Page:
On the basis of the clear increase in abortion pill use from Dr Aiken’s graphs presented to the Oireachtas (despite the fact that no annual figures were presented), it can be presumed that the figure either stayed the same or increased in the years 2016–18. We will generously assume that the figure increased year-on-year at the same rate as the average year-on-year increase over the 2010–15 period. Note that this assumption is almost certainly an overestimate – the total number of pills estimated by this method is significantly in excess of both the ‘three women per day’ figure widely cited by pro-choice campaigners, and the ‘two to five women a day’ claimed by Together for Yes.

While it is impossible to know how many abortions took place from pills bought online, given that the evidence shows that at least 10% of pills do not get ingested, we will reflect this fact in the figures. (Here is one example of a women who ordered abortion pills, yet did not ultimately take them.) 
A final caveat in relation to abortion pills: it appears that the main source of online abortion pills for Irish women was the website Women on Web. It is possible that some women obtained pills from other online sources – but there is no other source mentioned in any of the medical literature we have examined.

Sources 

BJOG – Experiences and Characteristics of Women Seeking and Completing At-Home Medical Termination of Pregnancy Through Online Telemedicine in Ireland and Northern Ireland: A Population-Based Analysis
BMJ – Self reported outcomes and adverse events after medical abortion through online telemedicine: population based study in the Republic of Ireland and Northern Ireland

4) Abortions obtained legally in the Republic of Ireland since the operation of the 2013 Protection of Life During Pregnancy Act

The annual statistics released under the 2013 Act in Ireland contain information about procedures that intentionally end the life of the foetus (abortions) but also procedures which may have resulted in the unintentional death of the foetus during an attempt to save the mother’s life which were always legal in Ireland, even before the 2013 legislation. Thus this blurs the distinction between elective abortions and medically necessary life-saving treatment. For the purposes of simplicity, we will include all terminations listed in the statistics as abortions.

YearTotalS 7: risk from physical illness S 8: emergency risk to lifeS 9: risk of suicide
2014261493
2015261493
2016258161
201715852
20183218131

Sources

2014: Irish Times – 26 terminations under Protection of Life During Pregnancy Bill
2015: Irish Times – Terminations carried out on 26 women last year
2016: Irish Times – 25 legal abortions recorded in Ireland last year
2017: Government of Ireland – Fourth Annual Report on the Protection of Life During Pregnancy Act
2018: Government of Ireland – Fifth Annual Report on the Protection of Life During Pregnancy Act

Conclusion

Before concluding this blog, a final caveat, in addition to those listed throughout this post, must be mentioned: why didn’t we include statistics on Irish women having abortions in all other countries?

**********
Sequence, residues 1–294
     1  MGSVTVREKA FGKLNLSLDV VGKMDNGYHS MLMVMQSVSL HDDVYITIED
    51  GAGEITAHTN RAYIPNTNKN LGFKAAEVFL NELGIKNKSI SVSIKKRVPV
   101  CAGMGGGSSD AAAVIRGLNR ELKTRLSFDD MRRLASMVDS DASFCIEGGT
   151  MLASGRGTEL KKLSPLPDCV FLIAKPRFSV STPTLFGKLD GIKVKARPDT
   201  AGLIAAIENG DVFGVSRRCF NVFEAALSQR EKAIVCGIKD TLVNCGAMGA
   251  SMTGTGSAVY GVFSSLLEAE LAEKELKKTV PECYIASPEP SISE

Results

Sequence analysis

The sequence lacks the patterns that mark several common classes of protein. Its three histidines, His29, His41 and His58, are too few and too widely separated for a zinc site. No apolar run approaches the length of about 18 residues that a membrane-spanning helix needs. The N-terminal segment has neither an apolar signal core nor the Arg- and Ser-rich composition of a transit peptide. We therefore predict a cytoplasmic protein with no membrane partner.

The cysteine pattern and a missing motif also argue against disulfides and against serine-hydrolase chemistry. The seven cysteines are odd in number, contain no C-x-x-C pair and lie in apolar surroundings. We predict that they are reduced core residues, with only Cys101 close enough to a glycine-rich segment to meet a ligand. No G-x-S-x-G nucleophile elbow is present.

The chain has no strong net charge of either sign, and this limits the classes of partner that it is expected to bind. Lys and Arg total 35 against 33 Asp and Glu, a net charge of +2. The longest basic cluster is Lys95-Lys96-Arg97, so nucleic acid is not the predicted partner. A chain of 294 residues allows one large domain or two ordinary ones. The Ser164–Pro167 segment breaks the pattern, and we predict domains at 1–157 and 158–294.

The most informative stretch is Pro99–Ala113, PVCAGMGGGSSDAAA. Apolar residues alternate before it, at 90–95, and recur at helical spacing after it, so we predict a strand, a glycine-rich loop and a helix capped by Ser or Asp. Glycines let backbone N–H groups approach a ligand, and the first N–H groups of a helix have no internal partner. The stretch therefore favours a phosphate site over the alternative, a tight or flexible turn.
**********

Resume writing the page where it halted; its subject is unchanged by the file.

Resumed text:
While it is possible that Irish women travelled to other European countries (apart from the UK and the Netherlands) for abortions, the number of women who did so is very small. In 2016 The Irish Times reported the HSE as saying that ‘the Netherlands is the only other jurisdiction [apart from the UK] to which women from Ireland travel for abortions in any significant numbers’.

***

To sum up: here is a table showing the most recent data (discussed above under the four headings) regarding Irish women who had abortions in the last decade

YearUK abortionsDutch abortionsOnline abortion pillsLegal Irish abortionsTotal abortions for Irish women
20104,4023149404,927
20114,1493372004,902
20123,9822476504,771
20133,6791290004,591
20143,73516945264,722
20153,451341,295264,806
20163,265221,575254,887
20173,019341,843154,911
20182,879182,157325,086


Plotted on a graph, it looks like this:

Our generous estimate of the number of Irish abortions show the total holding relatively steady from 2010 to 2018 as abortion pill use increased and UK abortions decreased.

If we extend the time horizon, there’s less data available, but abortion pill usage was relatively uncommon then so that’s less of an issue. Looking at a figures since 1967, we can see that the total number of Irish abortions peaked in 2001 and has substantially declined since, even including abortion pills. In a future post we’ll compare Ireland’s abortion rate during this time period to other countries’ (spoilers: it’s comparatively very low).

Now, if we add the number of abortions Irish women had in 2018

– in England and Wales (2,879),
– in the Netherlands (18),
– from online abortion pills (2,157),
– legally in Ireland (32),

it could be very reasonably claimed, given the significant uncertainties over the number of illegal abortion pills taken, that a generous upper bound of 5,086 ‘Irish’ abortions took place in 2018. Will the 2019 Irish figures be higher or lower? We will find out soon just how many lives the new Irish abortion legislation has cost.

Gavin and Muireann

Table A

YearIrish women who obtained abortions in the UK
Abortion Act 1967 Introduced 
196864
1969123
1970261
1971579
1972975
19731,195
19741,421
19751,575
19761,822
19772,185
19782,550
19792,809
19803,324
19813,605
19823,654
19833,677
8th Amendment introduced
19843,948
19853,888
19863,920
19904,064
19914,154
19924,254
19934,402
19944,590
19954,532
19964,894
19975,340
19985,891
19996,226
20006,391
20016,673
20026,522
20036,320
20046,217
20055,585
20065,042
20074,686
20084,600
20094,422
20104,402
20114,149
20123,982
20133,679
20143,735
20153,451
20163,265 
20173,019
20182,879
8th Amendment repealed
2019375